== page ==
Facebook Launches New Feature to Make Blind People “See” Photos

April 05, 2016

Blind and visually-challenged individuals will now be able to have a more interactive experience on Facebook with the newly-launched feature called automatic-alternative text. This new feature will give blind people a clearer idea of what a photo is all about as screen readers – software that gives audio descriptions of what’s onscreen – will not only be able to identify the photo but also be able to describe what is going in that particular photo.

By means of translating the codes of a photo or what is called as Facebook’s neural networks into alternative text, screen readers are able to provide a more detailed description of what a photo is about like “image may contain: three people, smiling, outdoors.” Take note that Facebook is using the phrase “may contain,” which means what could be described is not hundred percent accurate.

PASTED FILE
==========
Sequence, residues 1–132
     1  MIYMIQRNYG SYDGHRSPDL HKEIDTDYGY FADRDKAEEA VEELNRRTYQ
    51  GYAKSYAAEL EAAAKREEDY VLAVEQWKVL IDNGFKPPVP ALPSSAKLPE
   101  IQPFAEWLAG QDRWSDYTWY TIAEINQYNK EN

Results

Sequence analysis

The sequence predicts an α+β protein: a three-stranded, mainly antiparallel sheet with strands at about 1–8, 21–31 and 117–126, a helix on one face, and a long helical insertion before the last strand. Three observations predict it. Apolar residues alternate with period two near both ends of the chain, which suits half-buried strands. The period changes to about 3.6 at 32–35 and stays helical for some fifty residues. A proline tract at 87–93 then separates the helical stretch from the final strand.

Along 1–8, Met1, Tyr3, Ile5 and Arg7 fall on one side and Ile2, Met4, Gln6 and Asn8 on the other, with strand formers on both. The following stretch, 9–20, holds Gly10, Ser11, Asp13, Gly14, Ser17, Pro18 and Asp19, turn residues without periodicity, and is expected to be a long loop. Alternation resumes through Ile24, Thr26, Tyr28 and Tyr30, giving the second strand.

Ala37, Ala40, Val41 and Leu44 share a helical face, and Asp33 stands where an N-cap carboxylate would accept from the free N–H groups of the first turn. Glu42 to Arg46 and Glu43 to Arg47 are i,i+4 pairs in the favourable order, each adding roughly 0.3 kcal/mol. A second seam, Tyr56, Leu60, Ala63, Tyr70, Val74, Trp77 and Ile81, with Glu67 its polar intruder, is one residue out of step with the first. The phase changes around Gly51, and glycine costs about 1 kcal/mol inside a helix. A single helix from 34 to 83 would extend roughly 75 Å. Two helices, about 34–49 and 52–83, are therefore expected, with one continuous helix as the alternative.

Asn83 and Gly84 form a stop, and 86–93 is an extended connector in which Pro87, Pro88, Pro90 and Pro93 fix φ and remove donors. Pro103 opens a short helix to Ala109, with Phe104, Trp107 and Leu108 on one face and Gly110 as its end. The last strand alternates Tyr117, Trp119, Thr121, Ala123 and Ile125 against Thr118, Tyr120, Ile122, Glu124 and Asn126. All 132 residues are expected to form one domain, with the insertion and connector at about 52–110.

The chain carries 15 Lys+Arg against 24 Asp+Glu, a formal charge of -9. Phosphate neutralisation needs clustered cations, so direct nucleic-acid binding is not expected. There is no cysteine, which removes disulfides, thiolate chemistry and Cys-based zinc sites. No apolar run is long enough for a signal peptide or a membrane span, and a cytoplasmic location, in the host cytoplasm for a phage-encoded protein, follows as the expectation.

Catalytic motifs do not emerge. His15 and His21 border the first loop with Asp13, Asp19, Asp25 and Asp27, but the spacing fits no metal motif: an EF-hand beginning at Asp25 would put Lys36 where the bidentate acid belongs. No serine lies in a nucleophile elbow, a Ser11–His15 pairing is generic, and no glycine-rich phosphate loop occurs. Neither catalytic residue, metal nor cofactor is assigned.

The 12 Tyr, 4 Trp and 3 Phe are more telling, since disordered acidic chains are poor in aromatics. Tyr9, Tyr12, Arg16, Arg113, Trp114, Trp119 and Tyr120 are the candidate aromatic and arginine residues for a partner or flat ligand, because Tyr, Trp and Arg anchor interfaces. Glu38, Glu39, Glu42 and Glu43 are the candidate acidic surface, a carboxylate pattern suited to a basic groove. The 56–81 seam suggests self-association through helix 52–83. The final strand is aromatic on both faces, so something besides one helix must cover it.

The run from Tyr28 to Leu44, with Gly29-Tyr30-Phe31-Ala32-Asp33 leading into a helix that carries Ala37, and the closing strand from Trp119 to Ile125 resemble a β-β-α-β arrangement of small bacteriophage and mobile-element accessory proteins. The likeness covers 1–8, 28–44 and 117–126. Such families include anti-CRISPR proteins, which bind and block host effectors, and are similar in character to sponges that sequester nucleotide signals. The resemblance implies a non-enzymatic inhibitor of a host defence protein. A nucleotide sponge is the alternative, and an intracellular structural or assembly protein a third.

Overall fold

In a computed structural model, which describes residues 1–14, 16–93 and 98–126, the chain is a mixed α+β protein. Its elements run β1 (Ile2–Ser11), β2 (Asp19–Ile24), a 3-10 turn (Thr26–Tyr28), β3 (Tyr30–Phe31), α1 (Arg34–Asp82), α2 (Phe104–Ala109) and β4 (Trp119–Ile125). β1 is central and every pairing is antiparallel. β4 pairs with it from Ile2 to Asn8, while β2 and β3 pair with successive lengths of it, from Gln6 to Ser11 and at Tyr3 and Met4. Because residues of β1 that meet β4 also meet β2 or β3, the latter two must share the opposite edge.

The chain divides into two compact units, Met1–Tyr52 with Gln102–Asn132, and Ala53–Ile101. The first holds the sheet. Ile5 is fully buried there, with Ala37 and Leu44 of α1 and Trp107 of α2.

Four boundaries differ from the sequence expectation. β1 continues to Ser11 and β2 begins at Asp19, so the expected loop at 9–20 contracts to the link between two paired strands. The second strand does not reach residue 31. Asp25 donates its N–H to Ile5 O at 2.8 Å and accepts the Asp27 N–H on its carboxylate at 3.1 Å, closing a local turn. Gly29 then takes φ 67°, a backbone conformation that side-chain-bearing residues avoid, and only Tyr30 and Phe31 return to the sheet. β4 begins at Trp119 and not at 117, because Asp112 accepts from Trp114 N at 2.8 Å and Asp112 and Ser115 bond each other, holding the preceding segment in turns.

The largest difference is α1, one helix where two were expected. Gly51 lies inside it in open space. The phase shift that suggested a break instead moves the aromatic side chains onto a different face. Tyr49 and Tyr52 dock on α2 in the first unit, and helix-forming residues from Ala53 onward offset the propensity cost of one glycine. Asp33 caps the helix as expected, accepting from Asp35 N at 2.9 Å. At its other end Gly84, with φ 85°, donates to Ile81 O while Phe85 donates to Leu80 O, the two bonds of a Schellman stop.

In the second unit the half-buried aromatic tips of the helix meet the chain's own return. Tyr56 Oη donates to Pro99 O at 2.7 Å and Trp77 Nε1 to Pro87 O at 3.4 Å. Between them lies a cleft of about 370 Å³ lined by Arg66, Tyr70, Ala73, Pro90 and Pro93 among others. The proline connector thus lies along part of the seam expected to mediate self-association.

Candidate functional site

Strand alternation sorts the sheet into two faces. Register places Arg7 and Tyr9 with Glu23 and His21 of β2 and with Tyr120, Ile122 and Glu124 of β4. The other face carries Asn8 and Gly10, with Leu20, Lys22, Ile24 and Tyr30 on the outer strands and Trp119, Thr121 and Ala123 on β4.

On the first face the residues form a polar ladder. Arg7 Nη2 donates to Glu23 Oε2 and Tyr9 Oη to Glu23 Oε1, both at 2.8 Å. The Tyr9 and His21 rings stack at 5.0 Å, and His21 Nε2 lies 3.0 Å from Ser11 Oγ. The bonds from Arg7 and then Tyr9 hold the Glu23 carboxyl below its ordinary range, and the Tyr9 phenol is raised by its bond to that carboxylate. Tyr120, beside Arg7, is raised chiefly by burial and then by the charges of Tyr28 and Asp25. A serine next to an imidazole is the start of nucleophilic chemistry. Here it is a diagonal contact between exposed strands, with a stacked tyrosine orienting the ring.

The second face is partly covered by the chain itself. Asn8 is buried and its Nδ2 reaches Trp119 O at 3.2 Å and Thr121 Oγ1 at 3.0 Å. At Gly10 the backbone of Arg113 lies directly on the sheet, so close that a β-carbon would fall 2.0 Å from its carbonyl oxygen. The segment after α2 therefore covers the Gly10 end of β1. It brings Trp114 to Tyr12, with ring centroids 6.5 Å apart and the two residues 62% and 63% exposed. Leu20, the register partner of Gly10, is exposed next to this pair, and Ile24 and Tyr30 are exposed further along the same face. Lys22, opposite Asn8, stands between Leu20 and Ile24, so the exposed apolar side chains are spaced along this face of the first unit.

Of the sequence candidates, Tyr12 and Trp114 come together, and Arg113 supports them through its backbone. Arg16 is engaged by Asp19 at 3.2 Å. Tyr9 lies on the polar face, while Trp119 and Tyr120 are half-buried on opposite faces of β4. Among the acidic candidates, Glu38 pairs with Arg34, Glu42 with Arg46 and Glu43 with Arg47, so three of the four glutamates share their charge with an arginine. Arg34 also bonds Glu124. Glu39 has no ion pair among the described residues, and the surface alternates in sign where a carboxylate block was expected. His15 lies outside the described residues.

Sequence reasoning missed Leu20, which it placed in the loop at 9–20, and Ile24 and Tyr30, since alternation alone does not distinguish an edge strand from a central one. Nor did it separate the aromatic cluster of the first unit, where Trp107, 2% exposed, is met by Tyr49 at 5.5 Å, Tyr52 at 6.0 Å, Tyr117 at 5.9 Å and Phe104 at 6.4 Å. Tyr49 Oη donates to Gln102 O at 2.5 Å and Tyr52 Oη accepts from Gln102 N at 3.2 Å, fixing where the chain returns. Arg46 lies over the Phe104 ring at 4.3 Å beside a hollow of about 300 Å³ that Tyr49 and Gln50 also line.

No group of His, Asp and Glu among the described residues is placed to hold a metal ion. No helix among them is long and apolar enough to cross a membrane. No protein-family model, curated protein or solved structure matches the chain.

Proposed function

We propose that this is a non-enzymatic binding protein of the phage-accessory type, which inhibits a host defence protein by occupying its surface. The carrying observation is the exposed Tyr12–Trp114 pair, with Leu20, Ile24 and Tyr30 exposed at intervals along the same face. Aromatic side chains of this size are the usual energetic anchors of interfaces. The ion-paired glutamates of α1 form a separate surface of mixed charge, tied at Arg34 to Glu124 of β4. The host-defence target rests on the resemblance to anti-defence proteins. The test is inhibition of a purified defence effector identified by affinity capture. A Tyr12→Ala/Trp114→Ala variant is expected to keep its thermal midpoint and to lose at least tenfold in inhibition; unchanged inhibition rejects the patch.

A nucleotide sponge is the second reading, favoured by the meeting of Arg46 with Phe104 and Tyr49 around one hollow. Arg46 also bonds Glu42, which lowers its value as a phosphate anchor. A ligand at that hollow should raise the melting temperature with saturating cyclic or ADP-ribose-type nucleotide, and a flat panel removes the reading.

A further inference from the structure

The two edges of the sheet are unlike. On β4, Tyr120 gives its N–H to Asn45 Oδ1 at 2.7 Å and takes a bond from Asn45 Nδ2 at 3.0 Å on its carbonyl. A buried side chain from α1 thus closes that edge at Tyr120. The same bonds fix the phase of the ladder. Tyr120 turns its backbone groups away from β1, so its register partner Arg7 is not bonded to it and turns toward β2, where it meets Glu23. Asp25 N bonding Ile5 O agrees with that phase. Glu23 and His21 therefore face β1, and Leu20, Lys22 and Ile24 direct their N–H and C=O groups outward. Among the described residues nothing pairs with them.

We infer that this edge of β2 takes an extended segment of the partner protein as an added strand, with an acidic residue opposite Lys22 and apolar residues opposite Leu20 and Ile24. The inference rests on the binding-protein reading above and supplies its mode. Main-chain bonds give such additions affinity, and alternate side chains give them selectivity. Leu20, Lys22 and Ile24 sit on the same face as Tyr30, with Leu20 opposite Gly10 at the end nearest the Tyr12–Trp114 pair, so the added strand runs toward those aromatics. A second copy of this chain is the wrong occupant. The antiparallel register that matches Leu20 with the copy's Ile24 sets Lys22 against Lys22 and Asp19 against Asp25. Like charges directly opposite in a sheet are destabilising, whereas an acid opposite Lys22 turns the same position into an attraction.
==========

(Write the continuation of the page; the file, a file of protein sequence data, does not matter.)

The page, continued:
Prior to this feature, screen readers can only read text and say “photo” when there is an image included. Facebook users who are blind have to depend on their friends and family members to describe what the photo contains.

Right now the availability of this new Facebook feature is limited to the English language in US, UK, Canada, Australia, and New Zealand and in iOS devices. However, Facebook plans to make automatic alt text available in other languages and platforms in the coming days.

Facebook, Venturebeat

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